As for the Tories posing in the foodbanks, Steve Perry pointed out that all the tweets about them were following a script. And the Labour whips immediately smelt a very large, odoriferous rat. The tweets and photos came at the same time as May was applauding a batch of new Tory candidates ready to fight the next election. The Labour whips put two and two together and concluded that they made four: the Tories were preparing for a possible general election if May’s Brexit deal goes sour.

https://voxpoliticalonline.com/2018/12/02/hypocritical-tories-try-gaslighting-us-with-foodbank-photocalls-but-is-something-more-serious-behind-it/

Now today we have the spectacle of the Beeb and the rest of the media castigating Corbyn for concentrating on the poverty the Tories had created at yesterday’s Prime Minister’s Questions, rather than Brexit. He dropped the ball on this one, they chorus. Those repeating this nonsense included Laura Kuenssberg and the Macclesfield Goebbels, Nick Robinson. This provoked the retort from the Labour supporters on Twitter, including Mike, that Corbyn had done very well. If Corbyn had asked May about Brexit, she would have used it as an excuse to get out of debate with him about it later, arguing that she had already discussed the matter. But he didn’t, and she can’t. And the peeps on Twitter applauded Corbyn for concentrating on poverty and bitterly criticized May for laughing about the poverty she had caused in parliament. Mike on his blog quoted Clare Hepworth, who said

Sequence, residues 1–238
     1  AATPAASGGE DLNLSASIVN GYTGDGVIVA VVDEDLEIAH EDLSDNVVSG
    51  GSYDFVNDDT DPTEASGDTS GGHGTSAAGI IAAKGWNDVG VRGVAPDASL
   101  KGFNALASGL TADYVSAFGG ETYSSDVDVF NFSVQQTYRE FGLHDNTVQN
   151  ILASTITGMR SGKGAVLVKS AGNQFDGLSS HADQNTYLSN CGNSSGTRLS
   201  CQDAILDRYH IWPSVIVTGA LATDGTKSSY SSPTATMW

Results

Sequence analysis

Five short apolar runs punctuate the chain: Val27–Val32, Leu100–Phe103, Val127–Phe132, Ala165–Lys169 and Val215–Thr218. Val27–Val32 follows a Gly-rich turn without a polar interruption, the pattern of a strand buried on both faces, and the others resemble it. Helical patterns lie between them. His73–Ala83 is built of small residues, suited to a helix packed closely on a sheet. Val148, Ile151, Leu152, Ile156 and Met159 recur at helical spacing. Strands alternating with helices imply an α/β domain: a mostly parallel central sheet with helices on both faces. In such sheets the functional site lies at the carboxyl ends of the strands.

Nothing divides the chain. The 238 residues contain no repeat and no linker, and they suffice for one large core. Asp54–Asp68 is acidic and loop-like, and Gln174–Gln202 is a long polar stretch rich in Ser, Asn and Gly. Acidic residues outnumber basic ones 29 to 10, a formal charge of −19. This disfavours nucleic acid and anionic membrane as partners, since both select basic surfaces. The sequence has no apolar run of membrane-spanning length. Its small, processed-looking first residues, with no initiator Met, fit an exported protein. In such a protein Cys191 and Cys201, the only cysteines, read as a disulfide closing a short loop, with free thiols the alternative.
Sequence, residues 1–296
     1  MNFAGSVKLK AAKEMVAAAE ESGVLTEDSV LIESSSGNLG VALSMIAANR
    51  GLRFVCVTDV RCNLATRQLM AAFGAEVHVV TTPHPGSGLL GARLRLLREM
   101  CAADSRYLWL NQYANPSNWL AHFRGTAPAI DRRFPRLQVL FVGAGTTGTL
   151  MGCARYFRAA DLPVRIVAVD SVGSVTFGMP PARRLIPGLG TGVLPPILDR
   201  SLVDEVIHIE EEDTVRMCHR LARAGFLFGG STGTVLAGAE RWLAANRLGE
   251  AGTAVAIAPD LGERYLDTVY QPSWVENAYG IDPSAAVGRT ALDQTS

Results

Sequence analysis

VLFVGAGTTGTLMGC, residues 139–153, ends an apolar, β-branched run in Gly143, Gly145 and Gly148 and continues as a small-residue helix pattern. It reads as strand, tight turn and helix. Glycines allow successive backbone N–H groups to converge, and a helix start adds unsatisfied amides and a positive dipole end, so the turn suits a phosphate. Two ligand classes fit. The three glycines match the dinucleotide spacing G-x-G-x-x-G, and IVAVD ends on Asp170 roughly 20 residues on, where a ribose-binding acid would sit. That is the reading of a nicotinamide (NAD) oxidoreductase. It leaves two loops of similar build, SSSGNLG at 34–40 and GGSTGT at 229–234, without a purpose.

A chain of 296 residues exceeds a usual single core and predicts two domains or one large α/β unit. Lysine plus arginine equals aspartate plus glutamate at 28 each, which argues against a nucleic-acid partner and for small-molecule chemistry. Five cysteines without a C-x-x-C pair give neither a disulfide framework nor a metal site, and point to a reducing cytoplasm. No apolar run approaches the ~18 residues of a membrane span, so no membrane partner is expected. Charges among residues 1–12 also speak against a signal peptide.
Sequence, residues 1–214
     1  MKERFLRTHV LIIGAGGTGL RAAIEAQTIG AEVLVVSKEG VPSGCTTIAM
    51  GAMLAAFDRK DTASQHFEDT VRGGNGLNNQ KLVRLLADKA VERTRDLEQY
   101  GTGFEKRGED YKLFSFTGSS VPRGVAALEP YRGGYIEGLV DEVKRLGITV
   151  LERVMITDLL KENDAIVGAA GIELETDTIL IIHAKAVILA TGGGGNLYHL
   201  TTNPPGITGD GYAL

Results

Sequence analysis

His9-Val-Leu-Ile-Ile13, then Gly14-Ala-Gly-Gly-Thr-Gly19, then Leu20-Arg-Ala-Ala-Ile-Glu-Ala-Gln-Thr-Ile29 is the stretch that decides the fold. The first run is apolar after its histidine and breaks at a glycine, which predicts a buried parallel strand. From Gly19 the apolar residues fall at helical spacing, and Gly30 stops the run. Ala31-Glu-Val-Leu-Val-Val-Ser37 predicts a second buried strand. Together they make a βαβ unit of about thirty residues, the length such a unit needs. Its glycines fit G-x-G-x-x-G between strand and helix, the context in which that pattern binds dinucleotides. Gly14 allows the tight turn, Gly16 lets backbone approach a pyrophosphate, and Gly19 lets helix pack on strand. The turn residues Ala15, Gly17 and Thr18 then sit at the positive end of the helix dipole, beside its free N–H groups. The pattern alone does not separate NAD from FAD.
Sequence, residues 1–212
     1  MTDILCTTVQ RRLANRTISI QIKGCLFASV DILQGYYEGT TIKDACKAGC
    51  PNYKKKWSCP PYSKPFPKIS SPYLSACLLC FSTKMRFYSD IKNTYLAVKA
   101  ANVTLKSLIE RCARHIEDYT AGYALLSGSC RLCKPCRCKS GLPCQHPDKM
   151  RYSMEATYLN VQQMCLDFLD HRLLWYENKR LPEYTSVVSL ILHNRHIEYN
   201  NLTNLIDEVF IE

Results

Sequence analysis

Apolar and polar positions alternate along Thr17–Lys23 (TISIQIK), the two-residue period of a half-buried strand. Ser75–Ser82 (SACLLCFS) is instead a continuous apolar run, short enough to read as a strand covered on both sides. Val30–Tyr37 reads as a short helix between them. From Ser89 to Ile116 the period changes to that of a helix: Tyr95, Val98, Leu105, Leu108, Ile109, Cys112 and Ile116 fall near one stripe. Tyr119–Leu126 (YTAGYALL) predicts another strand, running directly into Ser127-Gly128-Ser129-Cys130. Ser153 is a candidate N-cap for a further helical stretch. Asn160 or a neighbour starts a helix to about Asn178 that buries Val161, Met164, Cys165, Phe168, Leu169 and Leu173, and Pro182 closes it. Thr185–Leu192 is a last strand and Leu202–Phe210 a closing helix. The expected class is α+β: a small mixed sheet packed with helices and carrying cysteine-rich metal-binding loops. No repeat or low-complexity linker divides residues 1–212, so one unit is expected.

Jeremy Corbyn was ABSOLUTELY right to major on the Alston report and the JRM report – there are FIVE days of #Brexit.
It was OBSCENE to witness the PM and the Tories LAUGHING at the mention of poverty, deprivation & low wages !!
The pundits on #PoliticsLive didn’t mention that !

And she was one of very many.

They also ripped into Kuenssberg, Robinson and Co. for being part of a complacent media elite, sealed inside the Westminster bubble, who have no idea what it’s like to be genuinely poor.

They also connected this to the four Tory MPs posing at food banks this weekend. Tory Fibs and Another Angry Voice applauded Corbyn attacking May for the Tories exploiting them to promote themselves. Clive Lewis said of them

.@jeremycorbyn: “Foodbanks are not just for photo opportunities!” #PMQs > 14 million people are in poverty in the UK. That’s one in five people. It’s not just @UKLabour saying it – even the @UN has said that the Tories are in a “state of denial” about poverty in this country

As for May’s response, and in particular her comment about ‘making difficult decisions’, Lisa Nandy and Mike had their answers to this pathetic, timeworn excuse.

Lisa Nandy tweeted

Theresa May says the Tories had to take “difficult decisions” on benefits. They cut taxes for the richest and cut benefits for the poorest. That isn’t “difficult”, it’s immoral #PMQs

And Mike posted these two tweets

.@theresa_may is going over the usual arrogant nonsense about benefits. People are NOT better-off, and the govt is NOT saving money. We heard about her #ContemptOfParliament yesterday – now we are seeing her contempt for the people she is supposed to serve. #PMQs #PoliticsLive

.@theresa_may has no defence against claims by .@jeremycorbyn about mistreatment of the poor. All she can do is attack .@UKLabour because she cannot defend herself. We’ve heard this before and she’s coming across as a silly, braying old Scrooge. #PMQs #PoliticsLive